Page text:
November 3rd, 2014
This week brings us the release of five economic reports for the markets to digest with two of those reports being much more important than the others. The first release of the week will come from the Institute for Supply Management (ISM), who will post their manufacturing index at 10:00 AM ET Monday. This index measures manufacturer sentiment, which is important because it gives us an indication of manufacturing sector strength. It is considered to be one of the more important reports we see each month, partly because it is the first report every month that tracks the preceding month’s activity. Monday’s release is expected to show a reading of 56.2, indicating that manufacturer sentiment slipped from September’s level. This means fewer surveyed manufacturing executives felt business improved during the month than in September, hinting at slower manufacturing sector growth. A smaller than expected reading would be good news for bonds and likely lead to lower mortgage rates Monday.
The second report of the week will be September’s Factory Orders data at 10:00 AM ET Tuesday. This report is similar to last week’s Durable Goods Orders release except it includes orders for both durable and non-durable goods. It is expected to show a 0.5% decline in new orders from August’s level. A larger decline would be good news for the bond market and mortgage rates while an unexpected rise would be bad news and could push rates slightly higher Tuesday morning since it would indicate economic strength. It is worth noting though, that this report is not considered to be highly important to mortgage rates.
Wednesday’s only report worth watching is the ADP Employment report before the markets open. It has the potential to cause some movement in the markets if it shows much stronger or weaker numbers than expected. This report tracks changes in private-sector jobs of ADP’s clients that use them for payroll processing. While it does draw attention, it is my opinion that it is overrated and is not a true reflection of the broader employment picture. It also is not accurate in predicting results of the monthly government report that follows a couple days later. Still, because we have seen reaction to the report recently, we should be watching it. Analysts are expecting it to show that 220,000 new payrolls were added. The lower the number of jobs, the better the news it is for mortgage rates.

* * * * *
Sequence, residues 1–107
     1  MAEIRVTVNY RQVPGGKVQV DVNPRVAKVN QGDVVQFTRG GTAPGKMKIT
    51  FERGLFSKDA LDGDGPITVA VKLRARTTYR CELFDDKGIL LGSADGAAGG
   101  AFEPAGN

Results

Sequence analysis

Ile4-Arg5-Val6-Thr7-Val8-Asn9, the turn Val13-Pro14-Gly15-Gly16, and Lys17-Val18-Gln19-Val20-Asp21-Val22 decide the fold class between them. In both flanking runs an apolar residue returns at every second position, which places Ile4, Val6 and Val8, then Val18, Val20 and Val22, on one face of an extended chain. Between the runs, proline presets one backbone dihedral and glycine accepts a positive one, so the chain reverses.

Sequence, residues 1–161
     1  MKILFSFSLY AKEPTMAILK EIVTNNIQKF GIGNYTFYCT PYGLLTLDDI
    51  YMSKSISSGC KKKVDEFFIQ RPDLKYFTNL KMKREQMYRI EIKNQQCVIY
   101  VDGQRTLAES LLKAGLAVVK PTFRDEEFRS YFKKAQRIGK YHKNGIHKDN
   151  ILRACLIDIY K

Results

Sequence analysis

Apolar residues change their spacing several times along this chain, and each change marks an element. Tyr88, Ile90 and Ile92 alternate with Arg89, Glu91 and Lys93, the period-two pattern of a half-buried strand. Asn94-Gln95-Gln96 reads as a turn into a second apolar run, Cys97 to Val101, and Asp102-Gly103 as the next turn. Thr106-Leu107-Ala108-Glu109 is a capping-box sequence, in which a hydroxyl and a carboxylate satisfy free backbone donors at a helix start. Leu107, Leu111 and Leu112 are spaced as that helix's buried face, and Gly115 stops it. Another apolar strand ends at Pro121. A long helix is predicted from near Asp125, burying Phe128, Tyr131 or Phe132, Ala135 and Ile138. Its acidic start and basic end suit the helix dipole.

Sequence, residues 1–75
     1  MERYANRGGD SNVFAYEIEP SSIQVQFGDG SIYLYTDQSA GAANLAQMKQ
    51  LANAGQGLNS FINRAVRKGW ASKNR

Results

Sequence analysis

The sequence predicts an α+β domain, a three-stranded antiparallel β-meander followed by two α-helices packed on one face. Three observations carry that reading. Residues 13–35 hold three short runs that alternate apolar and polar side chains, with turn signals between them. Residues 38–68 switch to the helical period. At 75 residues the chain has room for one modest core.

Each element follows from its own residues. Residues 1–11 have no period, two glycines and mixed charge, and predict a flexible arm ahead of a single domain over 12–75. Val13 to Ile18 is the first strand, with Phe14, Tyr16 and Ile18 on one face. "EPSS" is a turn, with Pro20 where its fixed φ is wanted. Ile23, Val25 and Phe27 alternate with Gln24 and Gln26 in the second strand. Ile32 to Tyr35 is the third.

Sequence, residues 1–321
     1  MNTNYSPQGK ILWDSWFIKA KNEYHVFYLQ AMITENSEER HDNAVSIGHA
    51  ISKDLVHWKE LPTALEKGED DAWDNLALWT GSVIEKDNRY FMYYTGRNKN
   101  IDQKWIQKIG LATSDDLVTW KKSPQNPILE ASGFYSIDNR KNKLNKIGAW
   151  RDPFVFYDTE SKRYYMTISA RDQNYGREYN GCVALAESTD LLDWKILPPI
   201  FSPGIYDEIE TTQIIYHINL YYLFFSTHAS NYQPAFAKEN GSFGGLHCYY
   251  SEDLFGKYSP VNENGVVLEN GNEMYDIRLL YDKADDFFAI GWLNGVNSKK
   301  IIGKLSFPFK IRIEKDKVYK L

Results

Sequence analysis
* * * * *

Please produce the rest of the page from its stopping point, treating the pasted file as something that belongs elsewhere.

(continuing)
The 3rd Quarter Productivity reading will be released Thursday at 8:30 AM ET. It is expected to show a 1.4% increase in worker productivity during the third quarter. A larger increase would be good news for the bond market because higher levels of employee productivity allow the economy to expand without inflationary pressures being a concern. This is a relatively low importance report, meaning it will take a significant variance from forecasts for it to directly affect mortgage rates.
The last report of the week is the most important. Friday brings us the release of arguably the most important monthly piece of economic news- the Employment report. The Labor Department will post October’s employment stats early Friday morning. The report is comprised of many statistics and readings, but the most important ones are the unemployment rate, the number of new jobs added or lost during the month and average hourly earnings. Current forecasts call for no change in the unemployment rate, holding at 5.9%, an increase in payrolls of approximately 235,000 and a 0.2% increase in average earnings. Weaker than expected readings should renew concerns about the labor market and rally bonds enough to improve mortgage rates, especially if the stock markets react poorly to the news.
Overall, the single most important day is Friday but Monday is likely to be pretty active also. Tuesday will probably be the calmest day unless something unexpected happens. We have relevant data set for release each day of the week and stocks have been volatile recently, so this leads me to believe that we will see another active week for mortgage rates. Accordingly, please maintain contact with your mortgage professional if still floating a rate and closing in the near future.